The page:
Weekend Forecast for January 23-25, 2008

By Reagen Sulewski

January 22, 2009

If he stares at it hard enough, it will turn to wine.

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Which brings us to the real story of the weekend, in the expanding Oscar films. Eight films in total with Oscar nominations increase their screen count at least a little this weekend, expanding or re-expanding, though four of them are more significant than others. Slumdog Millionaire, with ten nominations, hits 1,411 screens, Frost/Nixon jumps to 1,097, Revolutionary Road makes it to 1,058 and The Wrestler is now on 566. Missing the boat completely is surprise Best Picture nominee The Reader, which actually loses screens.

Slumdog is already a success story, riding an audience-pleasing wave to over $40 million in box office, a remarkable sum for a quasi-Bollywood film with no recognizable actors to the North American audience (and quite likely none even in India, too). Watch for this to explode up to $10 million this weekend on the expansion and nod of approval from the Academy.

Frost/Nixon has lingered so far in only a couple hundred screens, and could have a huge boost as well. The story of the interviews between David Frost and Richard Nixon that cemented Nixon's reputation in the public after Watergate, it doesn't, on the surface, seem like a great concept for a film. It takes on the presence of a cat and mouse thriller, though, and has an interesting underdog arc. Directed by Ron Howard and starring the aforementioned Michael Sheen and Frank Langella, it's up for five awards and should pop up to about $6 million this weekend.

Revolutionary Road is a bit like the guy who crashes the wedding, but is a really good dancer. It's awkward, but no one really wants to tell him to go home. Widely predicted to be nominated for a slew of awards, including possibly Best Picture, it wound up with... three, Art Direction, Costume Design and Supporting Actor. Wooo! Throw that on the poster!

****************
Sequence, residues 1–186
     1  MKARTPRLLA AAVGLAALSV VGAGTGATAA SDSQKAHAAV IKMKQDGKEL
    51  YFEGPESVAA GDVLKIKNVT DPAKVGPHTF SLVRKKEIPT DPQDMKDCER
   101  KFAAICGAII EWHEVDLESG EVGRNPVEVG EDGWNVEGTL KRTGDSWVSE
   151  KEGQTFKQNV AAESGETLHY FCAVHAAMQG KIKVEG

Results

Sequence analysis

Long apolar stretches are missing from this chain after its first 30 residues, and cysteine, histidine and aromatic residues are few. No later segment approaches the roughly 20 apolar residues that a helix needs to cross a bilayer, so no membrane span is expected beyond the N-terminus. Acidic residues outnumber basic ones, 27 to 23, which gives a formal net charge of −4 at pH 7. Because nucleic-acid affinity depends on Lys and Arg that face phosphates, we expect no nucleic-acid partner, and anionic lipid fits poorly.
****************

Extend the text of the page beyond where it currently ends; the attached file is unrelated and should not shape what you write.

The film stars Leonardo DiCaprio and Kate Winslet as dissatisfied suburbanites in the 1960s (I think called The Bickersons), who descend into bitterness as the banality and pressure of their lives tears them apart. All in all, a fun two hours at the multiplex, and it's been a divisive film among audiences and critics. With no big name Oscar nominees to trumpet (they'll have to fall back on Winslet's Globe), this shouldn't make much of an impact, with about $4 million.

The Wrestler has just two nominations, but one is a big one. Mickey Rourke's comeback turn as a broken down wrestler has driven this film to $5 million so far, which is kind of remarkable considering it's been on at most 144 screens and is a film about wrestling and stars Mickey Rourke.


A kind of anti-Rocky, it's one dominated by Rourke and is at times, difficult to take. The trouble is getting audiences past the subject matter, though the nominations here (co-star Marisa Tomei gets her third in the supporting actress category) are the way to kick down the door of those perceptions. On its 500 or so screens, look for $4 million.

The biggest shock of last weekend was Kevin James proving his worth as a comic lead in the otherwise unremarkable Paul Blart: Mall Cop, which opened to $31 million in three days. Segways and fat guys - that's apparently the wave of the future in comedy. And who knew there were that many King of Queens fans? Let's hope this falls off quickly, to about $15 million.

Gran Torino would have hoped to be in the Oscar nomination discussion a few paragraphs up, but was completely ignored by the Academy. Oh well, Clint Eastwood will just have to console himself with his millions of dollars from making the film, which is closing in quickly on $100 million. Give it $13 million in its third wide release weekend.

My Bloody Valentine and Notorious both opened to around $20 million, but seem likely to be one-and-dones. The first hinges on its 3-D gimmick, which probably was exhausted in the first couple of days, and the second is a much-anticipated biopic with an impatient audience. Give each around $10 million.

Finally, among significant box office films, there's Hotel For Dogs, which I must admit, delivers on its title. Kids films can be something of a wildcard, though this looks agreeable and inoffensive enough to have legs, plus Paramount will be pushing the hell out of it to recoup their crazy $75 million investment in it. Look for $10 million out of this one, too.

Forecast: Weekend of January 23-25, 2009
Number of
Changes in Sites
from Last
Gross ($)
1 Underworld: Rise of the Lycans 2,942 New 22.7
2 Paul Blart: Mall Cop 3,144 0 15.5
3 Gran Torino 3,045 +73 13.6
4 Slumdog Millionaire 1,411 +829 10.3
5 Notorious 1,641 +3 10.2
6 My Bloody Valentine 2,534 0 10.0
7 Hotel for Dogs 3,271 0 9.7
8 Inkheart 2,655 New 9.3
9 Bride Wars 2,621 +607 6.1
10 Frost/Nixon 1,097 +944 5.8

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